Senior Focus: Testosterone treatment questions

Recommended by Dr. Michael White, Updated on May 4th, 2015
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Testosterone use among men has increased significantly in recent years.

Much of this increase is in response to doctors recommendations for treatment of symptomatic low testosterone levels, advertising of testosterone replacement therapy and the belief that low testosterone may increase the risk of developing cardiovascular disease (heart attack and stroke).

Most recent studies that followed a population over time suggested that deficiencies in male hormones such as testosterone and dihydrotestosterone may increase the risk of cardiovascular disease. Because low testosterone is a potentially reversible condition, it makes some sense that hormone replacement would be a good idea to prevent cardiovascular disease.

Additionally, higher testosterone levels among men in these observational studies was associated with a healthier cardiovascular risk profile, such as less diabetes, lower blood pressure, lower LDL cholesterol (bad cholesterol) and higher HDL cholesterol (good cholesterol).

However, reality may tell a different story.

We had long believed that hormone replacement therapy in women would protect against heart attacks and strokes. Estrogens help lower cholesterol and have other beneficial effects. However, it was not until a major study involving about 27,000 women chosen at random to receive hormone replacement therapy or a sugar pill that we learned that there was no benefit and there was a higher rate of cardiovascular events in the group that received hormone replacement therapy.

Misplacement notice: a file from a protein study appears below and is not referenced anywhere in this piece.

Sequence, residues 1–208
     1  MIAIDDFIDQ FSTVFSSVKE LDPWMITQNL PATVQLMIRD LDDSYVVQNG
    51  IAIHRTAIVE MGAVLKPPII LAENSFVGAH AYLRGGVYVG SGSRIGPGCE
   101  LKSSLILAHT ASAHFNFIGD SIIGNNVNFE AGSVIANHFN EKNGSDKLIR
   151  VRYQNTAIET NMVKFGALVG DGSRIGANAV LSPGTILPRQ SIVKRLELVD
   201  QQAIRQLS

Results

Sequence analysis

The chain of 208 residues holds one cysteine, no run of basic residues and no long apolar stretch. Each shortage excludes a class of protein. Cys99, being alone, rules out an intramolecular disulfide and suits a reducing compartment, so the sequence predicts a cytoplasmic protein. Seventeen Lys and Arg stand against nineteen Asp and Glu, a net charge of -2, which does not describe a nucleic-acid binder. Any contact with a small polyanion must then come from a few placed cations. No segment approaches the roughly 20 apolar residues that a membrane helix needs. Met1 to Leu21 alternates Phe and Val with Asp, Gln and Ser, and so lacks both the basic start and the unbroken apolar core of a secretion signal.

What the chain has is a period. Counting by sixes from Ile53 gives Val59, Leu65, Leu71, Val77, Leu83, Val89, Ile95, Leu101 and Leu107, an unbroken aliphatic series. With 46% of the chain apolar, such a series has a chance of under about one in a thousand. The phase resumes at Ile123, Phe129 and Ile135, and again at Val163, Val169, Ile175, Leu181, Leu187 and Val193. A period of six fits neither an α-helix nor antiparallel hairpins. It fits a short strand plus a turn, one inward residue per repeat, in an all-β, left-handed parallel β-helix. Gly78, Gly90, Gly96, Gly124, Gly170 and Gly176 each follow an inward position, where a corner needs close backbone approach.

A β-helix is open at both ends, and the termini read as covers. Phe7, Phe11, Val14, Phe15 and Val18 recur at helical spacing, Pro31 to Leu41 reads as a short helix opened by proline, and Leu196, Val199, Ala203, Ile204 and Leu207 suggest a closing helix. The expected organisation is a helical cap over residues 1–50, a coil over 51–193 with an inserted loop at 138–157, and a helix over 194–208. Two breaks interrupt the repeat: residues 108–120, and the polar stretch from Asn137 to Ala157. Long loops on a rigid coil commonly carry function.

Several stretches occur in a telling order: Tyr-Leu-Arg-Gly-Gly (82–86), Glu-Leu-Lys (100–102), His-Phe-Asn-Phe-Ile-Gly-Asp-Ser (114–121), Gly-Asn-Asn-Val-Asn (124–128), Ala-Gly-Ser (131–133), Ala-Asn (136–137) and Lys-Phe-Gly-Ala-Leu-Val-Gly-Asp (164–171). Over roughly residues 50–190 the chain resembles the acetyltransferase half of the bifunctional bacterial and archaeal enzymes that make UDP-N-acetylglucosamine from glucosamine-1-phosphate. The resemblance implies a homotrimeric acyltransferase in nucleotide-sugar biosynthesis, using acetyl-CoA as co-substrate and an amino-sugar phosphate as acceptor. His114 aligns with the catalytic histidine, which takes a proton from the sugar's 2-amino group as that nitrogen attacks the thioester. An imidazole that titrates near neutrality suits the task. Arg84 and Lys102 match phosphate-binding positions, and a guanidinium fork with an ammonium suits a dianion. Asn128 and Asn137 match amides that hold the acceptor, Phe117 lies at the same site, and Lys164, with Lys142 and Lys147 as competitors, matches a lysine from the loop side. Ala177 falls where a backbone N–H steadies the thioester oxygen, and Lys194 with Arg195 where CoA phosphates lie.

To date, no large similar study has examined the effect of testosterone replacement on cardiovascular events in men.

However, one large study evaluating the effects of giving testosterone therapy to men with low testosterone levels recently was published. This study looked at about 8,800 men with low testosterone who had undergone a heart catheterization for suspected coronary disease. About 1,200 of these patients received testosterone replacement after their heart catheterization at their doctors discretion; the rest did not.

The researchers found that more patients who were given testosterone had a heart attack, stroke or died after three years (25 percent), compared with those who did not (19 percent).

A study in about 55,000 men found a higher rate of heart attack in older men and in younger men with a history of coronary disease in the first 90 days after starting testosterone replacement, when compared with the risk in the year prior to starting therapy. Another study examining the effects of testosterone in older, frail men was stopped early because of unexpected higher rates of heart problems.

Read more here:

Senior Focus: Testosterone treatment questions

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